Showing posts with label mentors. Show all posts
Showing posts with label mentors. Show all posts

04 August 2015

The Importance of Mentors

Photo by Robin Templeton
by Barb Goffman

I'm so pleased to be joining the SleuthSayers blog. As I contemplated what to write in my first post here, I remembered another time when I was the new kid. It was the summer of 1993, and I was interning as a reporter at Newsday on Long Island. Newsday is a big newspaper now, but back then it was even bigger--its circulation placed it in the top ten of US daily newspapers. Getting that summer job was a huge deal, and I arrived on my first day excited and eager and more than a little nervous. And then I met my editor for the summer, Dennis Bell.

Dennis Bell
I've had my share of good and bad bosses over the years. Dennis was one of the best. He had a smile that even now, twenty plus years later, makes me break out into a smile of my own. Dennis believed in his reporters. He backed them up. He helped them improve. He came to a barbecue I threw and hung out with everyone, just one of the gang, kind and cool, a great mentor.

But Dennis was more than that. He was a guy who started out at Newsday as a janitor, and he worked his way up and became a reporter. He went on to win a Pulitzer Prize as part of a reporting team sent to cover famine in Ethiopia. And then he became an editor and tried to help young people succeed, just as he had. Dennis was a role model, someone I hoped to emulate in my career, and someone I hoped to keep in touch with forever.

Forever came to a screeching halt two years later when Dennis died. To this day, I'm still a bit heartbroken.

Yet Dennis lives on, not only in my memory, but surely in the memories of all the reporters who worked for him on the Suffolk County desk, as well as his family and friends. He lives on as reminder to work your hardest--you never know how far you can go--but to also have a little fun along the way. I hope to do that here at SleuthSayers: a good job talking about writing, and having a little fun while I'm at it.

My dog, Jingle. More on him later.
Which reminds me, I've told you about Dennis, but not much about me. After working as a reporter for a few years, I went to law school. And after working as an attorney for nearly a dozen years, I became a freelance fiction editor. In my spare time, I'm a voracious reader, and I've been writing crime short stories for more than a decade.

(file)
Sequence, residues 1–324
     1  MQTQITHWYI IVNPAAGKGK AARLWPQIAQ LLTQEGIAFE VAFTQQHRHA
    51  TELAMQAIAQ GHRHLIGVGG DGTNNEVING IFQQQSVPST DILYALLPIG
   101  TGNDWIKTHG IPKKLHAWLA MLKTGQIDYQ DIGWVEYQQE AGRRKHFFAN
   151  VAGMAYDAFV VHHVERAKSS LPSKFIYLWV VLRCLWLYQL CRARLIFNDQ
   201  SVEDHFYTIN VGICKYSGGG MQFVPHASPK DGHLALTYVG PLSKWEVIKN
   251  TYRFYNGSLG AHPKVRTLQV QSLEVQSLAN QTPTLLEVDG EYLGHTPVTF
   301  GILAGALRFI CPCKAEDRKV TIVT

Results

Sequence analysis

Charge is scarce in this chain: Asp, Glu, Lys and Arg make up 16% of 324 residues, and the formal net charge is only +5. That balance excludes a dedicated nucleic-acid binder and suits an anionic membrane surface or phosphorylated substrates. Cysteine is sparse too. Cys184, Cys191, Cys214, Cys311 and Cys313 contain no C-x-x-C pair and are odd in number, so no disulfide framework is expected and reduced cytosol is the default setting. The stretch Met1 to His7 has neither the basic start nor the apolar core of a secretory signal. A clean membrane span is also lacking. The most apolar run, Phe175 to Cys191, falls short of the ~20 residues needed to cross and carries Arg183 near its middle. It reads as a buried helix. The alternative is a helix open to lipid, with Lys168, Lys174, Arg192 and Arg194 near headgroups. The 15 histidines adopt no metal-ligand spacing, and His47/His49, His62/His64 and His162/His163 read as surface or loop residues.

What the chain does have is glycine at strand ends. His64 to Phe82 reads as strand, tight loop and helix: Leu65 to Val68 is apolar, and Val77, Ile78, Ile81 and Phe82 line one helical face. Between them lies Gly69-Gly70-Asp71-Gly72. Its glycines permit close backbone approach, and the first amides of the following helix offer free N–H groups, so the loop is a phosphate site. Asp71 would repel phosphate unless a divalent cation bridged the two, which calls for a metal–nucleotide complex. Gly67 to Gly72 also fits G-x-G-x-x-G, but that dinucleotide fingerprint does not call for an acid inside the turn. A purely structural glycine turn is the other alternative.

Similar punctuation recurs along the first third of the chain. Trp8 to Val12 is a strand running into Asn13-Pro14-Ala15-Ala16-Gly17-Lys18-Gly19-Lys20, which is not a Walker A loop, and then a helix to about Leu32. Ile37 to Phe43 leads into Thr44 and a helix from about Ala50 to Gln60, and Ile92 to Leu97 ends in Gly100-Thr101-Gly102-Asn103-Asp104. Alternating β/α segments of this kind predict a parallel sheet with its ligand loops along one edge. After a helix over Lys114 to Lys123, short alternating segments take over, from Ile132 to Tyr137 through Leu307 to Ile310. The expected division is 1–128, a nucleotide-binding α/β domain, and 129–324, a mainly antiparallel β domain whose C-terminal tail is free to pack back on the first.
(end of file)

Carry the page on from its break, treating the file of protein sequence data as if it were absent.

I've had the good fortune to win the Macavity and Silver Falchion awards for my short stories, and I've been named a finalist for other awards (eight times for the Agatha, and three times each for the Macavity and Anthony awards). Two years ago, Wildside Press published my first collection of short stories, Don't Get Mad, Get Even, which won the Silver Falchion for best collection of 2013. Being a short-story writer has been a ton of fun, and with hard work, tenacity, and a bit of luck, I've succeeded far beyond what I'd imagined the first day I put fingers to keyboard. I'd like to think that somewhere, Dennis Bell is grinning at me.

He may also be thinking of the advice he gave me before I left his employ: don't sweat the first six months of any job as a reporter. That's the time to get your feet wet and to get to know your beat. But after the end of your second six months, if you haven't gotten someone arrested, you're not doing your job right. So let's consider this my settling-in period here at SleuthSayers. I hope it turns out all right. Will anyone be arrested by this time next summer? Well, maybe in my short stories. Keep a look out for a character named Dennis. If you see him, you'll know he's one of the good guys.

Do you have a mentor who's made a big difference in your life? I'd love to hear about him or her.

08 July 2014

Friends & Influences

by Stephen Ross

In the late summer of 1988, I spent a week living inside a novel. I was staying with a friend (Albert), who himself was staying with a friend (Victoria), at a dilapidated farmhouse on the edge of a town that didn't seem to have anyone in it or even a name. There was a school house, closed for the summer (or maybe forever), and a general store that had a CLOSED sign in its door (also probably forever). The town was about forty minutes out of Hamilton, in a direction I couldn't tell you.

A long dirt track led up to the farmhouse through fields of corn, and Victoria's landlord, the farmer of said corn, who I never saw, apparently had a limp and only ever came to collect the rent after dark. Apparently, he'd turn up, like a character out of Dickens, clutching a lantern, his raincoat damp with the rain, even if it hadn't rained all week.

I was starting a screenplay (at that time of my life, I had wanted to be a screenwriter). Albert was writing a new play (he was a reasonably successful playwright), and Victoria was learning lines for two different upcoming productions (she was an actress). Victoria and Albert are not their real names. There was also a cat at the farmhouse, whose name I don't remember at all, and for the purposes of this telling, I'll call William Makepeace Thackeray.

Victoria and Albert were both ten years older than me; and Victoria probably a further ten on top of that. If a movie could have been made of that week, I would have cast George Sanders as Albert, Ida Lupino as Victoria, and in the part of "me" that confused-looking bystander who is always the last one to get the point and run when the foot of Godzilla slams down.